# 1: The Properties of Gases

• 1.1: The Empirical Gas Laws
A number of important relationships describing the nature of gas samples have been derived completely empirically (meaning based solely on observation rather making an attempt to define the theoretical reason these relationships may exist. These are the empirical gas laws.
• 1.2: The Ideal Gas Law
The ideal gas law combines the empirical laws into a single expression. It also predicts the existence of a single, universal gas constant, which turns out to be one of the most important fundamental constants in science.  As derived here, it is based entirely on empirical data. It represents “limiting ideal behavior.” As such, deviations from the behavior suggested by the ideal gas law can be understood in terms of what conditions are required for ideal behavior to be followed (or approached).
• 1.3: The Kinetic Molecular Theory of Gases
The gas laws were derived from empirical observations. Connecting them to fundamental properties of the gas particles is subject of great interest. The Kinetic Molecular Theory is one such approach. In its modern form, the Kinetic Molecular Theory of gasses is based on five basic postulates.
• 1.4: Kinetic Energy
It is also important to recognize that the most probable, average, and RMS kinetic energy terms that can be derived from the Kinetic Molecular Theory do not depend on the mass of the molecules. As such, it can be concluded that the average kinetic energy of the molecules in a thermalized sample of gas depends only on the temperature. However, the average speed depends on the molecular mass. So, for a given temperature, light molecules will travel faster on average than heavier molecules.
• 1.5: Graham’s Law of Effusion
An important consequence of the kinetic molecular theory is what it predicts in terms of effusion and diffusion effects. Effusion is defined as a loss of material across a boundary
• 1.6: Collisions with Other Molecules
A major concern in the design of many experiments is collisions of gas molecules with other molecules in the gas phase. For example, molecular beam experiments are often dependent on a lack of molecular collisions in the beam that could degrade the nature of the molecules in the beam through chemical reactions or simply being knocked out of the beam.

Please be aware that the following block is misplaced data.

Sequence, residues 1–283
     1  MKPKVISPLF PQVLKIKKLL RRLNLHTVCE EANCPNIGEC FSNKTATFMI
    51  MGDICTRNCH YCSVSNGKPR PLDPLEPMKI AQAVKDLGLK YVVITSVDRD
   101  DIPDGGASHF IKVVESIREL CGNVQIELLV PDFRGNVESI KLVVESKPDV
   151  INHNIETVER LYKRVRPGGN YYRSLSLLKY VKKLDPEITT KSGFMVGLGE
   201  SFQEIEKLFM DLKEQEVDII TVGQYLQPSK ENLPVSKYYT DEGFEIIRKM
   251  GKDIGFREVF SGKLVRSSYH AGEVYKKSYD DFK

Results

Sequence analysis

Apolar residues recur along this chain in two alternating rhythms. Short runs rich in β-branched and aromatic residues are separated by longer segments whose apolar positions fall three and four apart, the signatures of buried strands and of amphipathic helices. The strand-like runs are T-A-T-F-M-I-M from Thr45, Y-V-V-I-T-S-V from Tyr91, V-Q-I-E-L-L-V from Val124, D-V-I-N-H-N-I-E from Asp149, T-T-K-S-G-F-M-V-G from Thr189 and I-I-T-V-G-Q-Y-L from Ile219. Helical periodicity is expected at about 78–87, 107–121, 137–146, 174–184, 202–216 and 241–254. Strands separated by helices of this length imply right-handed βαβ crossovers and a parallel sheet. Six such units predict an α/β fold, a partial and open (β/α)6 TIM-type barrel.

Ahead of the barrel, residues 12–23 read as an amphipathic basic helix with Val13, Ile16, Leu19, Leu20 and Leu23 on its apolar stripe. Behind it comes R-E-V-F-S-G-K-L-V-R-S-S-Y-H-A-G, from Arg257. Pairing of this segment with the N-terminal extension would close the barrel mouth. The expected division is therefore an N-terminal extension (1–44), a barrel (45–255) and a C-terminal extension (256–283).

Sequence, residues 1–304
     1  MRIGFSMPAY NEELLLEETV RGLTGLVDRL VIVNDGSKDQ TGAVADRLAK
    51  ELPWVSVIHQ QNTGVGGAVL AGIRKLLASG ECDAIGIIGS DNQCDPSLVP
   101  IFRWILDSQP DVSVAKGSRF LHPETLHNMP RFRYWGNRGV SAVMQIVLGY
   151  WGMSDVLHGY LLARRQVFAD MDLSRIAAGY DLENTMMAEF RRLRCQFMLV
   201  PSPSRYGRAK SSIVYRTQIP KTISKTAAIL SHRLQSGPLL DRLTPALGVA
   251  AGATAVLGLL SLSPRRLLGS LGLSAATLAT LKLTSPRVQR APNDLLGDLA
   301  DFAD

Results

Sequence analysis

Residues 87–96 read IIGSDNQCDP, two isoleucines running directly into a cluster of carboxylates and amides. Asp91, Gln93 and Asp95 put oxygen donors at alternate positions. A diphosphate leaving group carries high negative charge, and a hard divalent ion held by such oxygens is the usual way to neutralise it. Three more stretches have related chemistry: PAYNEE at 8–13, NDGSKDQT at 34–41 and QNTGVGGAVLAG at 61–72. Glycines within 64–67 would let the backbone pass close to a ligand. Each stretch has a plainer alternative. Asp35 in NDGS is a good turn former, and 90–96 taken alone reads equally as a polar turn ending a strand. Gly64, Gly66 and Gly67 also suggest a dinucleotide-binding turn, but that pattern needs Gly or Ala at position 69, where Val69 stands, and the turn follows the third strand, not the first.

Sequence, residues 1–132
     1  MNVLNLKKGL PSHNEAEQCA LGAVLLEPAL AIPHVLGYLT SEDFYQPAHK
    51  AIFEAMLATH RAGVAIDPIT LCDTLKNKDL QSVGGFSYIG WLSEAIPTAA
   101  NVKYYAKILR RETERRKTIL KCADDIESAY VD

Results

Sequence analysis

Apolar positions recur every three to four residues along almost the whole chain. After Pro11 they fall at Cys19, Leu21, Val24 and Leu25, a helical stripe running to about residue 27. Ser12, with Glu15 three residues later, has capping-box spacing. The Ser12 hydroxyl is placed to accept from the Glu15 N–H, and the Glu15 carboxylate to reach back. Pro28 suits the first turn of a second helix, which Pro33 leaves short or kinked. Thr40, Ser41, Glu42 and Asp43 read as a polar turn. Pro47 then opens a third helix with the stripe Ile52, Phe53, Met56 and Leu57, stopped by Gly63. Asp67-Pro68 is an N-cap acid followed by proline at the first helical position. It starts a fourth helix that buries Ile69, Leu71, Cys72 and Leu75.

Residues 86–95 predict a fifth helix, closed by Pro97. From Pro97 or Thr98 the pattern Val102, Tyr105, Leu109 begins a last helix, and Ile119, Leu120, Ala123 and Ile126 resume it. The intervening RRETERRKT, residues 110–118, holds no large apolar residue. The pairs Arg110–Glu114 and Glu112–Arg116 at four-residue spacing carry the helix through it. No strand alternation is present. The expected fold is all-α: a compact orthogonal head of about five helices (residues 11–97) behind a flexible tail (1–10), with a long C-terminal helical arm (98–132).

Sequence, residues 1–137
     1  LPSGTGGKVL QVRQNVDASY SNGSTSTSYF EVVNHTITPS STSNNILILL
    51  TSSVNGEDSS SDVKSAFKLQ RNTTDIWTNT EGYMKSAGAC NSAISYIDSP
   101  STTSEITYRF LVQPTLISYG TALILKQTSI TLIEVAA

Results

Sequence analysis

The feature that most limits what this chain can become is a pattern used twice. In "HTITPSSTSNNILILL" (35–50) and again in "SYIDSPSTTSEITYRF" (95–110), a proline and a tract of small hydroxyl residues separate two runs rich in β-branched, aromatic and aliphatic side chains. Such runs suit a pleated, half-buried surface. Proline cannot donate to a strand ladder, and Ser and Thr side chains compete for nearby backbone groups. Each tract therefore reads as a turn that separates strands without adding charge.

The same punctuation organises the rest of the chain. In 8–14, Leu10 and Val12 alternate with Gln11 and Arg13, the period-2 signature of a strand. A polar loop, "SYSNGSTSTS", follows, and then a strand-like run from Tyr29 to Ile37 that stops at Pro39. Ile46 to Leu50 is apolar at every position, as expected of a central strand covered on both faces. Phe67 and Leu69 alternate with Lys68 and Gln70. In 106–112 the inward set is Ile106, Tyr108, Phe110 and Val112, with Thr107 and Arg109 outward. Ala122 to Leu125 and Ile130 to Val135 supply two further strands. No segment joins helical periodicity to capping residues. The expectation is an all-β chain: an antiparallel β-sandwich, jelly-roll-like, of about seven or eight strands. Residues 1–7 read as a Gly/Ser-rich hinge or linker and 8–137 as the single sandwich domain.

• 1.7: Real Gases
While the ideal gas law is sufficient for the prediction of large numbers of properties and behaviors for gases, there are a number of times that deviations from ideality are extremely important.
• 1.8: Intermolecular Forces
Intermolecular forces are the attractive or repulsive forces between molecules. They are separated into two groups; short range and long range forces. Short range forces happen when the centers of the molecules are separated by three angstroms (10-8 cm) or less. Short range forces tend to be repulsive, where the long range forces that act outside the three angstroms range are attractive. Long range forces are also known as Van der Waals forces. They are responsible for surface tension, friction,
• 1.9: Specific Interactions
Intermolecular forces are forces of attraction or repulsion which act between neighboring particles (atoms, molecules or ions). They are weak compared to the intramolecular forces, which keep a molecule together (e.g., covalent and ionic bonding).
• 1.E: Gases (Exercises)
Exercises for Chapter 2 "Gases" in Fleming's Physical Chemistry Textmap.
• 1.S: Gases (Summary)
Summary for Chapter 2 "Gases" in Fleming's Physical Chemistry Textmap.

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